I loved the following extract quoted by Kaufman from another book, Art & Fear: Observations on the Perils (and Rewards) of Artmaking by David Bayles. This is a brilliant illustration of the power of practice (quality comes from quantity),
The ceramics teacher announced on opening day that he was dividing the class into two groups. All those on the left side of the studio, he said, would be graded solely on the quantity of work they produced, all those on the right solely on its quality. His procedure was simple: on the final day of class he would bring in his bathroom scales and weigh the work of the "quantity" group: fifty pound of pots rated an "A", forty pounds a "B", and so on. Those being graded on "quality", however, needed to produce only one pot — albeit a perfect one — to get an "A".
Well, came grading time and a curious fact emerged: the works of highest quality were all produced by the group being graded for quantity. It seems that while the "quantity" group was busily churning out piles of work – and learning from their mistakes — the "quality" group had sat theorizing about perfection, and in the end had little more to show for their efforts than grandiose theories and a pile of dead clay.
I found the first 40 pages of book informative and full of value. I have now adopted his methodology as a checklist whenever I try to learn something new. This book also got me interested in game of Go and Ukulele.
However some may find that beyond first 40 pages of book, there is little to learn. In the remaining pages, Kaufman explains how he applied the rapid skill acquisition in his areas of interest. I liked these sections, but some readers may find it somewhat boring. I have also felt that in some chapters the learning process is presented as too easy and simple. For example, his learning process on programming seems so simple, yet in practice it is nothing but simple (except perhaps for geniuses). I think the author hides the fact that usually there is considerable time required for research activities. Hence you will end up spending much more than 20 hours to learn something.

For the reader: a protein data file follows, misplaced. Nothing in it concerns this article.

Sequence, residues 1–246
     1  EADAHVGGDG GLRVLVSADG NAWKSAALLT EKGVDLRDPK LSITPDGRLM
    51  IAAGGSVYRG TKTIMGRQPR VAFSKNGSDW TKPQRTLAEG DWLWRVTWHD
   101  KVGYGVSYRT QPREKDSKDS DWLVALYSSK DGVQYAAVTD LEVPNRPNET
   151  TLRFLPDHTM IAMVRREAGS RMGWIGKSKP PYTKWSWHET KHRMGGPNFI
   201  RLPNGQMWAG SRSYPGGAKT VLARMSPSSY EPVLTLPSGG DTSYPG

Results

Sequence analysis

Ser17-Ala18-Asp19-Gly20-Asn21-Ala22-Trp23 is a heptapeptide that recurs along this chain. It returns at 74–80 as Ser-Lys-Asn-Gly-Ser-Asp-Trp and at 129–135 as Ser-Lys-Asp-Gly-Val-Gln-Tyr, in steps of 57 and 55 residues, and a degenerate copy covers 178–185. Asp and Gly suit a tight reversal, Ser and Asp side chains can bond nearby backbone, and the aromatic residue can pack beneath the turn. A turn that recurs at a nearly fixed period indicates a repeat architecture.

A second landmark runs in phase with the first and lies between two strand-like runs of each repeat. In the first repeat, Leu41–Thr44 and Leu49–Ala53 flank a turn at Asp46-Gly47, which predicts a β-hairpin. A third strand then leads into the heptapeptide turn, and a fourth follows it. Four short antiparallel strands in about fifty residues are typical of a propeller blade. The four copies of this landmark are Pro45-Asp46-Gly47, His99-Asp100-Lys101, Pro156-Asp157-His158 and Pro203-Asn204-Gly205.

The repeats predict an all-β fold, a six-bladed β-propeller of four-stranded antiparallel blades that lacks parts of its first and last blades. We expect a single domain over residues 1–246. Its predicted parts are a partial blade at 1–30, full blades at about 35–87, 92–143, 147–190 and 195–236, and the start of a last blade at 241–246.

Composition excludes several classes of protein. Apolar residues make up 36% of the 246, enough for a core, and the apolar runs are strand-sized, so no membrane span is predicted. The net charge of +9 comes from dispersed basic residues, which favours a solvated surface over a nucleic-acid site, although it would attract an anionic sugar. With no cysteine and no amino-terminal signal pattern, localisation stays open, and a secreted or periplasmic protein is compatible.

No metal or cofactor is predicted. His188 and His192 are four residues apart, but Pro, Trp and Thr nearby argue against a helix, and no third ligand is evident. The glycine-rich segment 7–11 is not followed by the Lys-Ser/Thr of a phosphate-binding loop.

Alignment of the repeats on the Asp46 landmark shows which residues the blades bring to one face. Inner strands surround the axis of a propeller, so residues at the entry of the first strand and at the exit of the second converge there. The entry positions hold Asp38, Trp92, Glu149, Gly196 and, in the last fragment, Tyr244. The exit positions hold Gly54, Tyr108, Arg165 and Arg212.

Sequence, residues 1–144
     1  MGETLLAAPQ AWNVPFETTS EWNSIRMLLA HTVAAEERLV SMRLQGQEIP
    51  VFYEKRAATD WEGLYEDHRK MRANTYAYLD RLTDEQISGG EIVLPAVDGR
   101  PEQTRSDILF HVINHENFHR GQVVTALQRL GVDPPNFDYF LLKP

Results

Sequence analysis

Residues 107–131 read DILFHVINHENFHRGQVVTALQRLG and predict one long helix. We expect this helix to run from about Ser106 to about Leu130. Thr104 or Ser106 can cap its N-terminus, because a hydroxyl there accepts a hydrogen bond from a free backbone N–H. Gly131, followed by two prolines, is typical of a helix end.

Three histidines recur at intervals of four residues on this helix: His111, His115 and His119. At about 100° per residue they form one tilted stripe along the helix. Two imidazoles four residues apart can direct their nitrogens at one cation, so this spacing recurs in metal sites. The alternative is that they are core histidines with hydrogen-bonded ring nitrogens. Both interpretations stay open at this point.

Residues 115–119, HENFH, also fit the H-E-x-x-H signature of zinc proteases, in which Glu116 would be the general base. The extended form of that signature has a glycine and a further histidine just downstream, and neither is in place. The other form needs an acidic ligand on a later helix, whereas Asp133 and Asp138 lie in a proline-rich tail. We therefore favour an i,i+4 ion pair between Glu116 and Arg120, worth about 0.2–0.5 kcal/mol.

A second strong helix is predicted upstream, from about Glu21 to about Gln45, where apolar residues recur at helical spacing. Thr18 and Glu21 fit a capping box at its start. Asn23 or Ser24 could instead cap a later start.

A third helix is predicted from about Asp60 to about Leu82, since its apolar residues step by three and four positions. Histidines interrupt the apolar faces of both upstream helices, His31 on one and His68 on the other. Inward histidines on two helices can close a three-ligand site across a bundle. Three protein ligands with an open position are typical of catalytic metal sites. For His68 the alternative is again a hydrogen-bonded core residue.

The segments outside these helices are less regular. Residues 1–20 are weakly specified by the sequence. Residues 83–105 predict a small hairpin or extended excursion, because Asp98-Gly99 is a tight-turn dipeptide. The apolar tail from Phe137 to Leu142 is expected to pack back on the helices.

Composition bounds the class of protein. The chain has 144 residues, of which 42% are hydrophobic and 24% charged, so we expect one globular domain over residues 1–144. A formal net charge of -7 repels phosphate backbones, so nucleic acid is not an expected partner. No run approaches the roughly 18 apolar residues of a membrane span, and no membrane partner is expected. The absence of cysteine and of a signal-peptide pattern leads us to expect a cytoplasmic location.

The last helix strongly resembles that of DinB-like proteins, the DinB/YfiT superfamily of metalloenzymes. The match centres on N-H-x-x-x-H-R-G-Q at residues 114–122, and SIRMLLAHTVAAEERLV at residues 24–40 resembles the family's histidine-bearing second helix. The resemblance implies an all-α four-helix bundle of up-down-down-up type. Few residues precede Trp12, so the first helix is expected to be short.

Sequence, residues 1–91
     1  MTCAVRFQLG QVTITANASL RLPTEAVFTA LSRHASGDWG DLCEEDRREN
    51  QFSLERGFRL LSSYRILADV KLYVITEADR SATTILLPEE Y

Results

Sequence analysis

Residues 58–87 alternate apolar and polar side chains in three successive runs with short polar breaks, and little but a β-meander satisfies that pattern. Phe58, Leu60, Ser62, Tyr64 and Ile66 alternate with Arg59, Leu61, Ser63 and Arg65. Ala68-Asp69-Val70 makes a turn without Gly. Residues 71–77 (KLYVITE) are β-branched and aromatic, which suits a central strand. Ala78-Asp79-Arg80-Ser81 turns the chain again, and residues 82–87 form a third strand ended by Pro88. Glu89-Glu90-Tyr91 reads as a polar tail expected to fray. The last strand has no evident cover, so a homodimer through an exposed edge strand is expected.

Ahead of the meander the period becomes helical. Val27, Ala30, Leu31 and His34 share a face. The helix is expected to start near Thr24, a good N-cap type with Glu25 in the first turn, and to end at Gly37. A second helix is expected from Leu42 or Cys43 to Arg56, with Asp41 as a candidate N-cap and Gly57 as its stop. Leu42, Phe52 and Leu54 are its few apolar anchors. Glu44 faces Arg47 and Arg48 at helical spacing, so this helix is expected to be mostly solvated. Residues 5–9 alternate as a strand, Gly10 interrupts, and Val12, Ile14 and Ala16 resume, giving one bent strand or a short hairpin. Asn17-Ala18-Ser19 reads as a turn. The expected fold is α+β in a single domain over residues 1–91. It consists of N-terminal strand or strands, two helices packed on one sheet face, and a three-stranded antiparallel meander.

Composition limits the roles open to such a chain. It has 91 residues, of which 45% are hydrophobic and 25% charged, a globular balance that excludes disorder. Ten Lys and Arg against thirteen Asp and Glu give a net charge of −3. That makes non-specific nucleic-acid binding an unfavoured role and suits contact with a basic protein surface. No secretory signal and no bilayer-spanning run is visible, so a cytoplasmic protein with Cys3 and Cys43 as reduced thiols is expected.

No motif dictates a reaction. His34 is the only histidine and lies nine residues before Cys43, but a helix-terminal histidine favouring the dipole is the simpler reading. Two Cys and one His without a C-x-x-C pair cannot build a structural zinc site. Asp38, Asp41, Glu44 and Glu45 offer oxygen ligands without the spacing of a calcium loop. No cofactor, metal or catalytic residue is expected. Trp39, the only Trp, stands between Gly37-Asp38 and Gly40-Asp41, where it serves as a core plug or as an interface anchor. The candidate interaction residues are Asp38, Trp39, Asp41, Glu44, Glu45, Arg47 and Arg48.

The First 20 hours, How to Learn Anything Fast by Josh Kaufman is a mini manual for rapidly acquiring new skills. If you are passionate about learning new skills like me, you will find this book informative and engaging. The bulk of the book consists of how Kaufman applies the rapid skill acquisition techniques in acquiring skill in his areas. If that is not something you are interested in, I suggest you watch Kaufman’s TEDX presentation instead of buying the book.
Finally there is a larger question to answer before you pursue “rapid skill acquisition” to acquire a diverse set of skills. Do you want to be a jack of all trades and master of none?
For 37 years I’ve practiced fourteen hours a day, and now they call me a genius!
– Pablo de Sarasate, Famous Spanish Violinist and Composer
My Rating: 7/10
Further Reading/Additional Resources
- Book: The first 20 hours – how to learn anything
- Video: The first 20 hours – how to learn anything (TEDX Presentation by Josh Kaufman)
- How to get good at anything in 20 hours (Interview with Josh Kaufman)
- Outliers: The Story of Success by Malcolm Gladwell
- The Personal MBA: A World-Class Business Education by Josh Kaufman
- Getting Things Done: The Art of Stress-Free Productivity by David Allen
- The Power of Full Engagement by Tony Schwartz
- Be Excellent at Anything by Tony Schwartz
- Art & Fear: Observations on the Perils (and Rewards) of Artmaking by David Bayles
- Mindset: How You Can Fulfill Your Potential by Carol Dweck
October 22, 2015 | Posted in Opinion No Comments » | By Jayson Joseph